When it comes to learning another language, there is a tired old joke that goes something like this: “What do you call a person who speaks three or more languages? A polyglot. What about someone who speaks two languages? Bilingual. And one language? An Englishman.”

Now, there are a few caveats to that joke. The first is that, on the whole, Americans, Australians and other speakers of English as a first language are just as bad (or worse) than the English, only 40% of whom could hold a decent conversation in a second language.

The second is that all of these Anglo-Saxon nations have relatively large – and growing – populations of immigrants and foreign residents, so people are often exposed to other languages even if they don’t speak them. We know that big cities are different from the country at large, but around a quarter of Londoners do not have English as their mother tongue, the same as Melbourne, while in New York it’s almost 50%!

Third and most importantly, native speakers of English do not need to speak another language. It may sound arrogant to say so, but being born a native speaker of English is a truly exceptional piece of good luck. Although there are fewer than 400 million native speakers of English in the world, placing it behind Mandarin and Spanish, over 1.5 billion people are actively studying it as a second language. Look at any multinational organisation and you will see that their internal correspondence, meetings, transactions and negotiations are carried out in English.

E2Language offers skill-building English lessons like this one on our E2 Core Skills YouTube channel. These lessons are perfect for individuals with functional English who need to master the complexities of pronunciation, grammar and vocabulary.

Learning another Language Opens Doors For Everyone.

The lack of linguistic diversity of English speakers is to be lamented, but it does leave the non-native speaking professional at a serious disadvantage. It is therefore worth spelling out some positive reasons for investing your time, money and effort into language learning, even though your English-speaking colleagues are too comfortable/lazy/incompetent to do the same themselves! Keep in mind, these reasons are also geared toward native English speakers. English monolinguals should seriously consider investing the time to learn a language, both for personal and professional gains. Here are three positive reasons why you should start learning another language today:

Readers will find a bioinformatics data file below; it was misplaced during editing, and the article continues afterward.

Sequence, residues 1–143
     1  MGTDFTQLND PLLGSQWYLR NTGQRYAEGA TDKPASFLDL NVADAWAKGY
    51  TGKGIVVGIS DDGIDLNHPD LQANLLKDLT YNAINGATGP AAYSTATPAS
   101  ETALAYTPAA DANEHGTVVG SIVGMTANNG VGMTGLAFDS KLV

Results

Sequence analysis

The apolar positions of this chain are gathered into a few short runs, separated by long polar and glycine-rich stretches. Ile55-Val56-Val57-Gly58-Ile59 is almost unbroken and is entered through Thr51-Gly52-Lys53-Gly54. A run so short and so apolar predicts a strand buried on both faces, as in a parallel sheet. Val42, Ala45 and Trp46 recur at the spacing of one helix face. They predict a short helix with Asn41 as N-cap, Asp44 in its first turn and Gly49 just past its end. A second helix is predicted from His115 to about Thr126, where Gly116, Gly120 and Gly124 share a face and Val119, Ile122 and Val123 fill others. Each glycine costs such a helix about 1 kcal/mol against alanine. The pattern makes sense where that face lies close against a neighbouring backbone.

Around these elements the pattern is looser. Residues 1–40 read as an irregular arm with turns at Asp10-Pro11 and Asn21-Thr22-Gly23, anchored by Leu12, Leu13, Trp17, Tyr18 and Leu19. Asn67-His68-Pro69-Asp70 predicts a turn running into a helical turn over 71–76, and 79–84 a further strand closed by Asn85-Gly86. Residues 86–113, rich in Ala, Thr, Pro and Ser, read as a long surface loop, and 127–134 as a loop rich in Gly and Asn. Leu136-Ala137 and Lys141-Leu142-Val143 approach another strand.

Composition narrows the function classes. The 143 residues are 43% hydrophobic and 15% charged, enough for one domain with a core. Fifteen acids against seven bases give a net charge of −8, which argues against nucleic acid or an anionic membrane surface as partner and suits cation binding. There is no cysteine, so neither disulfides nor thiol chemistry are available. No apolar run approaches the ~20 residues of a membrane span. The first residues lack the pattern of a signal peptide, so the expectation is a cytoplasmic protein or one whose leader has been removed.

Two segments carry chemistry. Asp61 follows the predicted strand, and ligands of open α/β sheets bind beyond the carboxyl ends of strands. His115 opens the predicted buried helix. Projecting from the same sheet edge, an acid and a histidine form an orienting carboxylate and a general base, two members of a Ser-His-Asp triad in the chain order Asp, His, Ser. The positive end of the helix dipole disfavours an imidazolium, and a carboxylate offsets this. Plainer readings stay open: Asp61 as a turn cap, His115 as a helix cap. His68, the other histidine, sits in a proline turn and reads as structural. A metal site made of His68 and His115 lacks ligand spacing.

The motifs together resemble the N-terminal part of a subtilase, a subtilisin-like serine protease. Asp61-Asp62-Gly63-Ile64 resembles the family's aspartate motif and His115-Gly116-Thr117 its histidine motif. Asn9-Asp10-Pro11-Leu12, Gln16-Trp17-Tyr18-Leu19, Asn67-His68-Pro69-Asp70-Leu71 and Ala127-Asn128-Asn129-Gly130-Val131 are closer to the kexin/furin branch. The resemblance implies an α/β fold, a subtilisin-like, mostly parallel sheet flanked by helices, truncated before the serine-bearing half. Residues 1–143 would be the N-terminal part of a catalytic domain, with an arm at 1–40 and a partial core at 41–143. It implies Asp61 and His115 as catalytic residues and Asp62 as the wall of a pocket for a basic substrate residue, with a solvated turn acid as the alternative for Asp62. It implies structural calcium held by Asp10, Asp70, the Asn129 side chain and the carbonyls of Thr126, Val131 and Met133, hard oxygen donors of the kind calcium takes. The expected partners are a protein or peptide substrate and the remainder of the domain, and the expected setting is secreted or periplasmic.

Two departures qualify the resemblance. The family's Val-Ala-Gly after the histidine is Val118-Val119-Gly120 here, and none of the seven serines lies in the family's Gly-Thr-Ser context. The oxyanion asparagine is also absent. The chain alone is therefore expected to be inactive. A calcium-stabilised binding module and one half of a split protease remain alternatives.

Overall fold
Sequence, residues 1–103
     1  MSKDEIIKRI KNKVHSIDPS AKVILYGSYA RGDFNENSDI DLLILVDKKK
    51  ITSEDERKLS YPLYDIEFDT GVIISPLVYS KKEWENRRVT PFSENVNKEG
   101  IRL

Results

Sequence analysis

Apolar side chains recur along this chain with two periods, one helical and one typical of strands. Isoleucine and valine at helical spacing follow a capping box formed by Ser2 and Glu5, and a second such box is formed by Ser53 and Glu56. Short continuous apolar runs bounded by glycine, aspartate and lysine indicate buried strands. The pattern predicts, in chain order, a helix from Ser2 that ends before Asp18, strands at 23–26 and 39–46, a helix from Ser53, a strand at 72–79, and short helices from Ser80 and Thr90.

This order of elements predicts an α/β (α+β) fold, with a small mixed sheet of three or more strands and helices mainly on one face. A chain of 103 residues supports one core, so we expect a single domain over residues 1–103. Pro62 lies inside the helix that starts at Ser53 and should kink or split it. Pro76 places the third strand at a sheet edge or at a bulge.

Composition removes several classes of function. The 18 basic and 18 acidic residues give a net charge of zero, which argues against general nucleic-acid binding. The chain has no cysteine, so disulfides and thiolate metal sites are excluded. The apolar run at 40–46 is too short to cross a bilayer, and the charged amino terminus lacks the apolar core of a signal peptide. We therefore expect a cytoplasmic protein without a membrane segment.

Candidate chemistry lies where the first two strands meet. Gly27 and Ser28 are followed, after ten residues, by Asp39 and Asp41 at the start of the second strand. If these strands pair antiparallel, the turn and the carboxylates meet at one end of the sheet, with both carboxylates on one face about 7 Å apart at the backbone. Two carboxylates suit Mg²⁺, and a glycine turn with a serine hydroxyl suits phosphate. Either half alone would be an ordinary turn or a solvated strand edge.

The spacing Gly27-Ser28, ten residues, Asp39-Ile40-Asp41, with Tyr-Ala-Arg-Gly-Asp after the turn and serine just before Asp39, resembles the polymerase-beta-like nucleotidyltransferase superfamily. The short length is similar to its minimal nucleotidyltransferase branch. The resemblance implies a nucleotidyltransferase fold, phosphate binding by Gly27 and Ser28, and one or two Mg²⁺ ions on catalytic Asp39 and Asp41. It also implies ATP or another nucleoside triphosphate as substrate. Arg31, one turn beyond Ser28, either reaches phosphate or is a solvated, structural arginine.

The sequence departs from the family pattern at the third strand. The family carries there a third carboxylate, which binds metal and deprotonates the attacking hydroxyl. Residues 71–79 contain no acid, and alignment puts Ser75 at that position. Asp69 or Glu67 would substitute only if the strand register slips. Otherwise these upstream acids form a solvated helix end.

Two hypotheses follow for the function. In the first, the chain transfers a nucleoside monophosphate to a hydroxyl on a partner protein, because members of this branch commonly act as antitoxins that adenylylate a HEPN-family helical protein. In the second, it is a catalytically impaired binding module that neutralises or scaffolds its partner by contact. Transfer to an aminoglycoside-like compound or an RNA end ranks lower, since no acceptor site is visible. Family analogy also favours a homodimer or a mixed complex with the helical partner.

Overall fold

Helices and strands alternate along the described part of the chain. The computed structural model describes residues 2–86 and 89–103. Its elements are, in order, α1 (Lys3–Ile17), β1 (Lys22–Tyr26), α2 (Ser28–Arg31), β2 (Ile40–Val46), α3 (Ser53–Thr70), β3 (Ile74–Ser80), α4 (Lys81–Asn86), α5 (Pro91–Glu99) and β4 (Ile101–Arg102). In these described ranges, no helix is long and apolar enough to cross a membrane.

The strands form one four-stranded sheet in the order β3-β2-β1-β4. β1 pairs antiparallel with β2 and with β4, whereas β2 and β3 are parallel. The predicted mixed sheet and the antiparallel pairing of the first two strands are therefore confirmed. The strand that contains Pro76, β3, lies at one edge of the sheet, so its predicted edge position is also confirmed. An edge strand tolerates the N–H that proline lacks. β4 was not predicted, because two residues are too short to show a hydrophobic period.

Learning another language makes you a more interesting person.

The more foreign languages you know, the broader your personal horizons. Reading, speaking, writing and listening in other languages can help you gain different perspectives on international events, maintain meaningful correspondence with people across the globe and exchange ideas with people from other countries and cultures.

Learning another Language

Learning another language helps to exercise your memory and stimulates your powers of reasoning and concentration.

Many English speakers live in a homogenous language bubble, while those who speak multiple languages are able to bypass the slapdash simplifications offered up by translation software.

Recruiters actively prefer to take on polyglots.

Learning a language means you become a highly valued professional on the job market and enables you to apply for a wider range of jobs and achieve higher positions when you get there. Surprisingly, recent research by Google showed that the number of non-English speaking 18 to 34 year-olds enrolled in language schools is relatively low. This would suggest that there will soon be a spike in demand on the job market for polyglots.

There you have it, there are some real advantages that come with learning a language, no matter who you are! In the words of Ludwig Wittgenstein, “The limits of my language mean the limits of my world.” So get out there and start learning; you have nothing to lose and everything to gain!

Do you want to improve your English language abilities for professional or personal purposes? We’re here to help!

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Ricardo Hilgenberg – National Director, E2Language Brazil

Colin David – Director of Business Development, E2Language

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